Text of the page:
Music

Everything Old Is New: ’80s icons find new life on screen and stage

Okee dokee folks… Most people remember where they were when they heard that John F. Kennedy was shot. Not many remember where they were on July 16, 1981. I do because that was the day that Harry Chapin died. I was doing a service call on a pinball machine (in another life I ran an arcade), and I was devastated when I heard that Harry had been killed in a crash on the Long Island Expressway. Harry was a huge inspiration in my youth. If, per chance, you don’t know who Harry Chapin is, you should — watch the documentary about Harry Chapin, When In Doubt, Do Something. Chapin was an incredible singer-songwriter known for songs such as “Taxi,” “Cats In The Cradle,” “W.O.L.D.” and “Circle.” He also was a tireless activist for the poor and hungry.

The Chapins, a band made up of the Chapin brothers and sometimes their father, formed in the early ’60s and was the impetus for Harry to begin his solo career. He was dismissed from the band and wound up as their opening act. A record company bidding war ensued and Harry secured one of the most lucrative recording contracts at the time. Ironically, my first exposure to a Chapin was though the TV show “Make A Wish,” which was hosted by younger brother Tom Chapin. Tom would sing songs, sometimes penned by Harry, which would accompany various interesting and educational segments. It was when “Taxi” became a hit that I first heard Harry. I remember my mother saying how she loved that song except for the last line, “When I’m stoned,” which was radical for 1970s radio.

I had the pleasure of meeting Harry in the mid ’70s at The Leroy Theatre. Remember the Leroy and the crumbling ceiling? Harry took the time to meet and talk to everyone who wanted to engage. After I met Chapin I marched onto the stage (ballsy, I know) and talked to Big John Wallace, Chapin’s bass player and the voice of the angelic part in “Taxi.” He offered me a hit from his joint, but I had to refuse — I was with Mom!

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Harry became evermore involved in social activism and politics. He is quoted as saying, “Politicians wish I spent more time doing music and the critics wish I spent more time in politics.” He began spending more and more of his efforts working to aid those affected by hunger and poverty. He donated the earnings from as many as 150 shows per year to this cause. By 1981 this was taking its toll on his music career and he needed to buckle down and focus on it in order to save that and the fundraising. Unfortunately, he never really got the chance.

Harry’s music can still be heard on the radio and is referenced often on television. His charitable work continues through the many organizations he founded, one being World Hunger Year (WHYHunger.org). The Chapins continue to make music and I have had the pleasure of playing shows with Harry’s daughter, Jenn. She and her husband headlined the Providence Folk Festival a few years back. People who don’t know Harry and his music should really watch When In Doubt, Do Something and introduce themselves to a truly noble songwriter/activist. Older folks, like me, will want to watch for the nostalgia and emotional ride. Do yourselves a favor and stream it (available on Amazon). For more, “Shooting Star” over to HarryChapinMusic.com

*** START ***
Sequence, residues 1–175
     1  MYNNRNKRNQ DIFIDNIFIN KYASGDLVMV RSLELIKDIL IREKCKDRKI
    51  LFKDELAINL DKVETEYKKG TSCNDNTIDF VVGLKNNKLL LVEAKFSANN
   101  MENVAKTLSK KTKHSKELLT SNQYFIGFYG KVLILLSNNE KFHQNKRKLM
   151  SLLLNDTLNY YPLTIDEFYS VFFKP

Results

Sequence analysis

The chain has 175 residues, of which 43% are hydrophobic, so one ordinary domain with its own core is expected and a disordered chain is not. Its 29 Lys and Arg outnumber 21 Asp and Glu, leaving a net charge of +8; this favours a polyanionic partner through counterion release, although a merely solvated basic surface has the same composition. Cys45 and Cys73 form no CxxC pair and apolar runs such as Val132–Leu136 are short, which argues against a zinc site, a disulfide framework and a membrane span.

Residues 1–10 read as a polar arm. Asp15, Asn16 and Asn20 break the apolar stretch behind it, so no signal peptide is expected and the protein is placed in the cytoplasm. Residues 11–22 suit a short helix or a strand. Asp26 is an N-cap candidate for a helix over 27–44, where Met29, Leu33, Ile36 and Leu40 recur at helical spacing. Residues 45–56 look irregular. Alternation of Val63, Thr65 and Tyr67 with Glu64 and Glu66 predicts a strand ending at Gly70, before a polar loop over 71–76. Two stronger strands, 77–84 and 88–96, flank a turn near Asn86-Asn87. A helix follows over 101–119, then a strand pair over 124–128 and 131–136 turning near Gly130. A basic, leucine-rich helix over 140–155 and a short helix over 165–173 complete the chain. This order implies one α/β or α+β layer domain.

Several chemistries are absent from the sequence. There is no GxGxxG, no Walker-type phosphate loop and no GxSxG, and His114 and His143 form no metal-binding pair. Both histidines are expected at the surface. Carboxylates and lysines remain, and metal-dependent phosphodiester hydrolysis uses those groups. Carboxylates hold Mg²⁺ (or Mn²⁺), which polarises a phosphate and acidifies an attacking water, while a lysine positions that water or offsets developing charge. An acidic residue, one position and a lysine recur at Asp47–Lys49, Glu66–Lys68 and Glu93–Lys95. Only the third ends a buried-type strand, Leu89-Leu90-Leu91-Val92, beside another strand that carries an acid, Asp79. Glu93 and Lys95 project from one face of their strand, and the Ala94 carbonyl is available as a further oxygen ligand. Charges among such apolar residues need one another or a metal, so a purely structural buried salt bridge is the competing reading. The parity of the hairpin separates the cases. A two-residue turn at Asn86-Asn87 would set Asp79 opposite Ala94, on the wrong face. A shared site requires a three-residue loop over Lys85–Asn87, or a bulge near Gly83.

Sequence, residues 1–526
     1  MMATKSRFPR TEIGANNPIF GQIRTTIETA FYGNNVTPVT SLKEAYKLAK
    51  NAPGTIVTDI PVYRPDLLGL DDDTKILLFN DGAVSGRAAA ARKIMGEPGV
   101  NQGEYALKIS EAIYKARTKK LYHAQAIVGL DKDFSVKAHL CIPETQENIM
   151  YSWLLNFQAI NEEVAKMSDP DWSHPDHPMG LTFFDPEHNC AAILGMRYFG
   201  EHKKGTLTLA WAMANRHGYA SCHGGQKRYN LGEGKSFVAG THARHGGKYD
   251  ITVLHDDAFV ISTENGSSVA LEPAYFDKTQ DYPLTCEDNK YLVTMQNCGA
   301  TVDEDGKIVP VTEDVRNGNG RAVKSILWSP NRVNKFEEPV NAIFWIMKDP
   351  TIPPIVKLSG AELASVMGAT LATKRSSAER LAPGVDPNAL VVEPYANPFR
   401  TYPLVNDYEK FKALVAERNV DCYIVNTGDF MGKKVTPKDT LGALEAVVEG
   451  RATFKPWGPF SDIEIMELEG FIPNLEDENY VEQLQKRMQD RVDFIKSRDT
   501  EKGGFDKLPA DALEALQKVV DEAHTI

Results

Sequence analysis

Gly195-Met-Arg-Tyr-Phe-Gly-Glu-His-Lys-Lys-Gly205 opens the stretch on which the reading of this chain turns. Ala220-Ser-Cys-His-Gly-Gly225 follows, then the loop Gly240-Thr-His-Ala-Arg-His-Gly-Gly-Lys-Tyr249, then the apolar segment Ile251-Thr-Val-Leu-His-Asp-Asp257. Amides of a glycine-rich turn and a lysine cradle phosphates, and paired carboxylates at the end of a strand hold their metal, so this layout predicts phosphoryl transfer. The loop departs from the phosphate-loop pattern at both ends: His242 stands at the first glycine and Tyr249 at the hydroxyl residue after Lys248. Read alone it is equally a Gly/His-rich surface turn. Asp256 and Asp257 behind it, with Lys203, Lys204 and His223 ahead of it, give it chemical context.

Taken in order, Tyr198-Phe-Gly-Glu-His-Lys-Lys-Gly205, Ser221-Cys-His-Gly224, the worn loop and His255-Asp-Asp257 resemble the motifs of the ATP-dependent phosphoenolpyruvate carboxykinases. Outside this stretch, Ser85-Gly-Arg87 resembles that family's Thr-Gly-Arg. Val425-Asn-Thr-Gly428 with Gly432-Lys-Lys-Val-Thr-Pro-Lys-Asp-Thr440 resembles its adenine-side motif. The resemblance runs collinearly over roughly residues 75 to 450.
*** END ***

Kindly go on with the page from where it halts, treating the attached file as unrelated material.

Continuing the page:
I am going to stick with the early ’80s and bring you back to the time when the band Robin Lane and The Chartbusters was climbing the charts. They had hits such as “When Things Go Wrong,” Why Do You Tell Lies,” “It’ll Only Hurt A Little While” and many others. The band had one of the first videos to be aired on MTV, and Lane sang back-up on Neil Young’s first solo album. If you catch her in concert, when concerts come back, she augments the show with Laurel Canyon stories. Unfortunately, despite her success, her record label dropped her early on. The Chartbusters dissolved and she joined forces with RI’s own The Shake, but she eventually faded from the limelight to raise her daughter.

Lane has been back writing, performing and recording for quite a while now. She was one of the first headliners of the Providence Folk Festival and I have worked with her on many other shows over the years. Lane founded an organization called Songbird Sings where she “helps people write their owns songs about their experiences using her musical ability as a form of rehabilitation for those suffering or recovering from heady trauma like domestic violence, sexual exploitation, child abuse or war.”

Lane has just released her latest CD titled Instant Album, consisting of 16 tracks of new, remastered and unreleased older songs. The first single from the album, “It’s Your World,” is “a powerful look at today’s world and the constant choices one faces in life.” Lane’s music has only gotten better over the years. Her songwriting is as solid as ever, and her voice has remained just as strong, but now has a lifetime of experience powering it. She has a new site (patreon.com/robinlane) that will feature concerts, guests, interviews, stories and intimate slices of life through her many years of making music. For more “Don’t Wait Until Tomorrow,” get to TheRobinLane.SquareSpace.com

Pandemic fatigue and denial are setting in for a lot of folks. I want music and entertainment to come back more than anyone, but I think it’s still not safe in public places. Stay home, but if you must go out, double-up on the mask and wash your damn hands! A friend of mine, who is a doctor in San Diego wrote to me, “We have achieved the ‘COVID Hellscape’ that we have feared from the beginning. The hospital is insane right now … so many sick people … people dying every day … working 3 times my normal schedule. The new strain scares the hell out of me.”

She is on the front lines, pay attention! Anyway, that’s it for now, thanks for reading. JohnFuzek.com

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